Boston is under lockdown and Wheelock College is canceling all activities for today.  Since that means the Library is closed, and since this is a research-heavy time of the semester, we would like to remind you that you can still access Library databases from home, using the same logins you use for all your other Wheelock stuff (like the portal, your Wheelock email, etc…)image from memecenter.com

Don’t know where to start in your research?  Check out the huge search box on the Library website.   Visit our Research Guides for information on what databases and websites are recommended for your field of study.  Need citation help?  Visit the Library’s Citing and Writing page for guides on APA, MLA, and Chicago.

Information on how to use the search box can be found here: http://www.wheelock.edu/library/using-the-search-box

Check your emails regularly for Wheelock updates.  Stay inside and be safe!


Name this blog and WIN BIG!

blog convo

The library blog needs a new name!  Can you help us out?  You can win a $15 Amazon Gift Card… not to mention lifelong celebrity, and the satisfaction of knowing you’ve left your mark on Wheelock College.

So you can get a good idea of what name might fit, here are the kinds of things we currently post here:

  • reviews and musings on YA fiction and children’s books
  • historical photos from the Library Archives
  • research tips and tricks
  • recipes and styles inspired by literature
  • news about events and displays in the Library
  • new books in the library, and other stuff you can borrow

Entries can be submitted by emailing yan@wheelock.edu, or by submitting a paper entry form at the library front desk.  You can even submit an entry by leaving a comment on this blog post.  Just remember to leave your Wheelock email (the address won’t show up publicly) so that we can find you if you win.  The contest will close on Tuesday, April 16… so get those entries in soon.  And thanks!


With All Due Respect and Apologies to Louisa May Alcott

I have spent a lot of time reading young adult fiction, and even more writing about young adult fiction.  I decided that it was time that I try my hand at it.  I drew inspiration from both classics and newer popular works.  I selected what I thought to be the most beautiful aspects of each and loving stitched them together to form a perfect narrative.  For isn’t that what one gets when cobbling together fragments of perfection—perfection even more glorified?  Wasn’t there a book exactly to this effect?  I’ll make a note to look that up later.

lord of the filesHere for the first time, please find my synopsis for the first of my trilogy, “Lord of the Files.”

The story begins in a barren wasteland.  The Earth has been decimated by nuclear war that caused technology to evolve into consciousness and rebel against the remaining humanity.  Computers amassed a robotic army.  However, a clever human resistance developed a virus that caused the robot army to turn into zombies.  The zombie computers turned on one another; further mass destruction ensued.  Unfortunately, this also backfired against the human resistance.  The computer virus similarly attained consciousness, evolved, and infected most of the remaining population.   The humans turned to vampires, werewolves, and witches.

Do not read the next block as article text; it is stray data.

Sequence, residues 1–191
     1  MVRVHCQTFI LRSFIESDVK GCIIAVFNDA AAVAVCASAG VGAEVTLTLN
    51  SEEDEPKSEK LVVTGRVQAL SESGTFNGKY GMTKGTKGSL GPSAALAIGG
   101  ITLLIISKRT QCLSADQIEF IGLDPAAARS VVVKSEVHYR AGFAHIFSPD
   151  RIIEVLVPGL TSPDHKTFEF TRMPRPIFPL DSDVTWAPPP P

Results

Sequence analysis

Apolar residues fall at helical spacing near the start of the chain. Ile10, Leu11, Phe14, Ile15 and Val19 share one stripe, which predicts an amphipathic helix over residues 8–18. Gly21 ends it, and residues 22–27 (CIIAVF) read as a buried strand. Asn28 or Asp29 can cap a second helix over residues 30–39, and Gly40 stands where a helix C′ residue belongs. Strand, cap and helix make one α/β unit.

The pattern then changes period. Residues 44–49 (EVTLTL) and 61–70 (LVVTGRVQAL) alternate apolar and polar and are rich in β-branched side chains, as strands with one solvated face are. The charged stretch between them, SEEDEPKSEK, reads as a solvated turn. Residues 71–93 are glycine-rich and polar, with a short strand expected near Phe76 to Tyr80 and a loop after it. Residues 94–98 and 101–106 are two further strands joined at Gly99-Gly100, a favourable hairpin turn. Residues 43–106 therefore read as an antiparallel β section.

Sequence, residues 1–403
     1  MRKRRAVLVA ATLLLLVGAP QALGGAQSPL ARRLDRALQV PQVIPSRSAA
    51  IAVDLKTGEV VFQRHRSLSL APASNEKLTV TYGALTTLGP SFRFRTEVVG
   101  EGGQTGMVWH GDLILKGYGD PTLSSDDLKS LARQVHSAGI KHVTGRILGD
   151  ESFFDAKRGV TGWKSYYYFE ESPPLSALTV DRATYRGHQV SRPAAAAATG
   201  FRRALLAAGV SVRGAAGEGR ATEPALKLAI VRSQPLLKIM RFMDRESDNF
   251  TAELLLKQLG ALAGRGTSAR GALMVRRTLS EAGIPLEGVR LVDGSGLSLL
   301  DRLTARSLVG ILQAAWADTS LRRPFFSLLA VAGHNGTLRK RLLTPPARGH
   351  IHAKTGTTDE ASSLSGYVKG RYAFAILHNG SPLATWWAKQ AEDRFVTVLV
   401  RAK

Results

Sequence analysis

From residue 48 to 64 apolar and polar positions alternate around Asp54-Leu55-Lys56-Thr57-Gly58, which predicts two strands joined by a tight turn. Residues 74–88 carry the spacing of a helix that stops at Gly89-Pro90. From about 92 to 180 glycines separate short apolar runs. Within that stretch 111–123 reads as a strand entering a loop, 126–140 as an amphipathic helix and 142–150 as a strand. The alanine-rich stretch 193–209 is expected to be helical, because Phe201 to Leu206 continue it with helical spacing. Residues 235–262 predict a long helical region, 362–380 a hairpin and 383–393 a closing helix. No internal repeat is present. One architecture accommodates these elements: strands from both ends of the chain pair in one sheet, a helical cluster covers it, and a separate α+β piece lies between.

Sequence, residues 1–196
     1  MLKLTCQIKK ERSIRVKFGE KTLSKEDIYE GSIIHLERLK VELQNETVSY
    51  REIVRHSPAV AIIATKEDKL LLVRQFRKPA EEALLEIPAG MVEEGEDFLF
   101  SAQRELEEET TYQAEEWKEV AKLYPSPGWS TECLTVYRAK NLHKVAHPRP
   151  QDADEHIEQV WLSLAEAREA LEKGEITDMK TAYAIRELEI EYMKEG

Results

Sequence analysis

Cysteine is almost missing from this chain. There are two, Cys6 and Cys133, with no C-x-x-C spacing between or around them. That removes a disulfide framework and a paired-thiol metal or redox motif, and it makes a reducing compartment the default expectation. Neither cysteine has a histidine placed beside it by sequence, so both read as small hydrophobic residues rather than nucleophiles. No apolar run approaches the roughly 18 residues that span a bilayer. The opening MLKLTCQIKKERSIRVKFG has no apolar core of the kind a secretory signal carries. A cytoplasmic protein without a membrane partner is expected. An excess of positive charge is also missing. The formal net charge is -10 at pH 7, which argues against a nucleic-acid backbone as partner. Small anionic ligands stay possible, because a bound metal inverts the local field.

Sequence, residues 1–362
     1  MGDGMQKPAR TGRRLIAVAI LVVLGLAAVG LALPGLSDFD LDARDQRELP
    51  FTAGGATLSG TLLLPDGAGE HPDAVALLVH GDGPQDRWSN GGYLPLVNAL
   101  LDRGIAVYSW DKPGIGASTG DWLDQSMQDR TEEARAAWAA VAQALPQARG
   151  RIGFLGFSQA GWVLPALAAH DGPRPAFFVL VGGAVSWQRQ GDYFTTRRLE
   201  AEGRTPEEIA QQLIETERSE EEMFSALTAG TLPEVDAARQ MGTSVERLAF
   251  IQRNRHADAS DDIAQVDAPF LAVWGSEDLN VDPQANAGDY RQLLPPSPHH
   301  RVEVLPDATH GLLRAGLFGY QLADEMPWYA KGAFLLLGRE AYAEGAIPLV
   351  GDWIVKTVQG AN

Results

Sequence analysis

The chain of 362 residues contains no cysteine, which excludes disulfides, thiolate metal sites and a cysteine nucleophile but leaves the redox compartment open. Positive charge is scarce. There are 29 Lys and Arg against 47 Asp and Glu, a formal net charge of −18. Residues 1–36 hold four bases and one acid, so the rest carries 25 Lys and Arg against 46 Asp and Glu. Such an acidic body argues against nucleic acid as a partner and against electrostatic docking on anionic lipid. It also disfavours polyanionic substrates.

Into this brutal landscape, young Chastinence is introduced.  She is a witch, pure of heart and spirit.  Her mean surroundings do little to diminish her beauty, her musical talent, and her kindness.  Her mother, the most powerful witch the world has known since the fifth apocalypse, dies tragically from consumption shortly before Chasitnence’s fifteen birthday.  This is particularly calamitous because Chasitenence’s mother was to pass on the Knowledge of the Ages when Chassy came of age at fifteen.  “My birthday just won’t be my birthday without any presents,” Chassy grumbles.

Chastinence, blind with grief, leaves the underground paradise her mother created to embark on a journey to find the power that belongs rightfully to her.  She is captured by a militant human sect that forces her to participate in a public fight to the death.  She considers escape, but realizes thousands will suffer if she does not battle in their stead.  She meets Frosh, a dark and handsome opponent.  She is intrigued by his obvious secrets.  Her desire for him awakens her latent witch powers, and together the two escape the arena, find a cache of zombie robots to destroy the ruling militia, and band together with seven other survivors to rebuild a humanish population.

All should be well, but soon Chastinence discovers Frosh is a vampire werewolf elf.  She swears her allegiance, limbs, veins, and changelings be damned.  Frosh, touched, emotes.  A lot.  The two realize they will have to make a new life in a little house on the toxic prairie. Chastinence welcomes the challenge; she is blessed with many werewolf vampire elf daughters.  “Oh, my girls,” she says at the end of book one, “however long you may live, I never can wish you a greater happiness than this!”

I’m currently fleshing out book two.  But know that a surviving robot Holdon Caufield makes a bid for Chastinence’s affections.  A love triangle threatens the peace Frosh has worked so hard to find for himself and his family.  Its working title is “Hunger Dawn.”  I’m pretty sure these books will be the next best sellers.  Get your copies early.